| - Gorka Dieitz-Sanxurxo |
今週の #WOTW は 'chance’ です。’Chance’ is one of those English words that can be different parts of the speech: it’s noun, an adjective, and a verb. It’s very common to use it in set expressions and phrases of which we will give you some examples below. Let’s start with the noun.
- There’s a chance of rain tomorrow. (A possibility of something happening.)
- What are her chances of becoming the country’s Prime Minister? (In its plural form, the probability of something desirable happening.
- Just give me a chance. I know I can do this. (In singular, an opportunity to do or achieve something.)
- I found the restaurant by chance. Now I go there every other week. (The occurrence of events in the absence of any obvious intention or cause.)
Time for the adjective.
- It was a chance meeting, but we got married one month later. (Fortuitous, accidental.)
And the verb goes like this:
- I chanced to overhear that you’re from New York? I live there for a while… (Do something by accident or without intending to.)
- I chanced upon a dinosaur egg. Well, at least I think it’s one… (Find or see by accident. You can also use ‘across’ or ‘on’ instead of ‘upon’.)
- I didn’t have time to study, but I chanced it and I passed! (Do something despite its being dangerous or of uncertain outcome.)
There are quite a few phrases using ‘chance’ too.
- [on the off chance] I took an umbrella on the off chance. (Just in case.)
- [take a chance] I had never ridden a horse before, but it was the only means of transportation available, so I took a chance. (Behave in a way that leaves one vulnerable to danger or failure.)
- [take a chance on] I could do the job if only my boss took a chance on me. (Put one's trust in something or someone knowing that it may not be safe or certain.)
- [as chance would have it] As chance would have it, I was preparing to go to work when I remembered it was Sunday. (As it happened.)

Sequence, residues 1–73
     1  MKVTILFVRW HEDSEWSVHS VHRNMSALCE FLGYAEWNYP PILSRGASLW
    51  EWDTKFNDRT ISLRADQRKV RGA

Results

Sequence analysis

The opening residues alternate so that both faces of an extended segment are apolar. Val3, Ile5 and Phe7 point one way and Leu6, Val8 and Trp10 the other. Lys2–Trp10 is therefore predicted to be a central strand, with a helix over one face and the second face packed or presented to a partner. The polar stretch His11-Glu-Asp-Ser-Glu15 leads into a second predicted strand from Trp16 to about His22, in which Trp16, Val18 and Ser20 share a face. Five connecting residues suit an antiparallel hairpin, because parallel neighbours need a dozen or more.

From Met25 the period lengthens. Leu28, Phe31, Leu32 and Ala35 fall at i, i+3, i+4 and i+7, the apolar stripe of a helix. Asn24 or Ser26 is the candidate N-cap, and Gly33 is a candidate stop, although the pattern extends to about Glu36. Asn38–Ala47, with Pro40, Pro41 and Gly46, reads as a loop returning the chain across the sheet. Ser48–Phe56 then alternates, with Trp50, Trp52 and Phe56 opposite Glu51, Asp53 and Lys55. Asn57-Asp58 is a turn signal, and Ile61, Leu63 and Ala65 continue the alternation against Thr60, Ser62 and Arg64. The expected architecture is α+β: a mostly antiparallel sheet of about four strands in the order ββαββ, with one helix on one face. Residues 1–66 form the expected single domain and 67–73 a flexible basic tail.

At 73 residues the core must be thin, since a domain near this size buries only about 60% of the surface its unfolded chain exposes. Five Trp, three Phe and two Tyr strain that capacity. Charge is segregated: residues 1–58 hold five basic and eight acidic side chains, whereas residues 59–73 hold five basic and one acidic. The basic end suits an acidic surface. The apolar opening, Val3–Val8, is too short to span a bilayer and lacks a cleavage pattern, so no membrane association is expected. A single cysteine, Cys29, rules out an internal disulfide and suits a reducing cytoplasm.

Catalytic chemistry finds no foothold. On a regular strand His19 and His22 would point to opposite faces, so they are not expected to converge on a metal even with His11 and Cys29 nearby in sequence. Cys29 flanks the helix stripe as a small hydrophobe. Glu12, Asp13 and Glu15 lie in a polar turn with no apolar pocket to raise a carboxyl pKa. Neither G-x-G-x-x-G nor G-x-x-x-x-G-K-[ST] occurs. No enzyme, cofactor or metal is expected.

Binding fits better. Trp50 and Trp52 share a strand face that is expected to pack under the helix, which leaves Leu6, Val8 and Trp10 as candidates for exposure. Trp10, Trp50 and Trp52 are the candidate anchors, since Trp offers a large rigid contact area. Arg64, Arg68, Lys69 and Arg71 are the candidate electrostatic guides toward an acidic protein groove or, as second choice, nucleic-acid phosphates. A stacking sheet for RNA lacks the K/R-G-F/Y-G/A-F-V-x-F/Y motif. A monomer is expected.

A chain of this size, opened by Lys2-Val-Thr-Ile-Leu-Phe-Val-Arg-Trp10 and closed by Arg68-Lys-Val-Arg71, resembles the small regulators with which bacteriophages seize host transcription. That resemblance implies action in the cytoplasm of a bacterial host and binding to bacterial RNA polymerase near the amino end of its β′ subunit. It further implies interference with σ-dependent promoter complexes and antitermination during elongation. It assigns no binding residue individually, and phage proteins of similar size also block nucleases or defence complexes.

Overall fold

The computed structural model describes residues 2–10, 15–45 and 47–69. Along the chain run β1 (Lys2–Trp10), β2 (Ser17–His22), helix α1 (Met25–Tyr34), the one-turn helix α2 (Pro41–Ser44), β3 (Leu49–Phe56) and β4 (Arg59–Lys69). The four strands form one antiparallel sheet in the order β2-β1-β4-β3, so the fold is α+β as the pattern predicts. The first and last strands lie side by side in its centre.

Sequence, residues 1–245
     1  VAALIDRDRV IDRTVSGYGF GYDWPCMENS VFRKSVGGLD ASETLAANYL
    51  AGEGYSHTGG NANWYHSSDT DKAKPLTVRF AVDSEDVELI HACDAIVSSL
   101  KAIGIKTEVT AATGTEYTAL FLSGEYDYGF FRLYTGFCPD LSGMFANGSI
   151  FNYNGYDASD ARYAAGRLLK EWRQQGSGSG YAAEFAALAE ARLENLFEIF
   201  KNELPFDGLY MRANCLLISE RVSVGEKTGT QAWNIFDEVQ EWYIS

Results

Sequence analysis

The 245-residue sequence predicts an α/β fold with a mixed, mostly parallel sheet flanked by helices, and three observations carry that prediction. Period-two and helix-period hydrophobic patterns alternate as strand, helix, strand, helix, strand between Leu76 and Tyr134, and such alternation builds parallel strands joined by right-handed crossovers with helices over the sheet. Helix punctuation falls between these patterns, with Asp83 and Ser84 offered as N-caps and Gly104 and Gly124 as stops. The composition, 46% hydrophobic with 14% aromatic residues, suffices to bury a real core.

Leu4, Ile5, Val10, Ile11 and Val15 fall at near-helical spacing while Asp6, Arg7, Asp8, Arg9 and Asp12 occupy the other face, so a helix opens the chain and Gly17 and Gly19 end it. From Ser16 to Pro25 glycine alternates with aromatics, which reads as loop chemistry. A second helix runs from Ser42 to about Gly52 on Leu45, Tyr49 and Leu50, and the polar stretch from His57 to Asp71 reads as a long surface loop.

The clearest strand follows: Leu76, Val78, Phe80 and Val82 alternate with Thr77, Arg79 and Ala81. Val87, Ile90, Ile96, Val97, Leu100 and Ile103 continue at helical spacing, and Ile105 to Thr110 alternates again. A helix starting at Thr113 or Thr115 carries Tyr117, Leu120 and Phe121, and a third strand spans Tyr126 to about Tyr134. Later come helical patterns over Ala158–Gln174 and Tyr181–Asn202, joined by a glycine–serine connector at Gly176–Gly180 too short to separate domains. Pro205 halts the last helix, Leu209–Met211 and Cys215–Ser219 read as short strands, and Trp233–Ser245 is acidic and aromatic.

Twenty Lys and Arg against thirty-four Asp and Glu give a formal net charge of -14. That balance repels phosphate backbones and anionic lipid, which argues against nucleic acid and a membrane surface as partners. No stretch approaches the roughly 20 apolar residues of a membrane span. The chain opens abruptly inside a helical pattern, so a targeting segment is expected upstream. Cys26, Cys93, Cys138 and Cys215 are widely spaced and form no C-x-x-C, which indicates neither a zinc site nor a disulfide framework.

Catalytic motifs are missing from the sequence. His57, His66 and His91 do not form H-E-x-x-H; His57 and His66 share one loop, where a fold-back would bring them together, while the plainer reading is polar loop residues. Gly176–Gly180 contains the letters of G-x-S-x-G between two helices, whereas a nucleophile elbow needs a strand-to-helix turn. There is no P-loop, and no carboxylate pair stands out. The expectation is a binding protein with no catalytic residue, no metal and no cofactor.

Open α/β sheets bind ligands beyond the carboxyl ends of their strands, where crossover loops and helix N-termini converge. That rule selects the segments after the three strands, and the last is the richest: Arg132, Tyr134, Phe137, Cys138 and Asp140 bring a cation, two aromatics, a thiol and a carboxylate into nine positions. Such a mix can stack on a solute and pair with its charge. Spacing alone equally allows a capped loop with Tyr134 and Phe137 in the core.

- [no chance] No chance I’m doing that. (This is informal. There is no possibility of that.)
- [be in with a chance] He just turned 40, but he is still in with a chance of winning the championship with his team. (Have the possibility of success or victory.)
- [chance would be a fine thing] Chance would be a fine thing, but I doubt I’ll find a decent flat in the centre. (This is informal British English. It expresses a speaker's belief that something is desirable but the opportunity is unlikely to arise.)
- [take one's chance] I know the part is for a girl, but I’ll just take my chance and go to the audition anyway. (Do something risky with the hope of success.)
- [stand a chance]
A: Who do you think will win tomorrow?
B: Oh, Osaka. The other player doesn’t stand a chance. (Have a prospect of success or survival.)
- [by any chance] Are you Sarah by any chance? (Possibly. Used in tentative questions or suggestions.)
- [chance one's arm] She’s way out of my league, but I’ll chance my arm and talk to her anyway. (This is informal British English. It means to do something although it may be dangerous or unsuccessful.)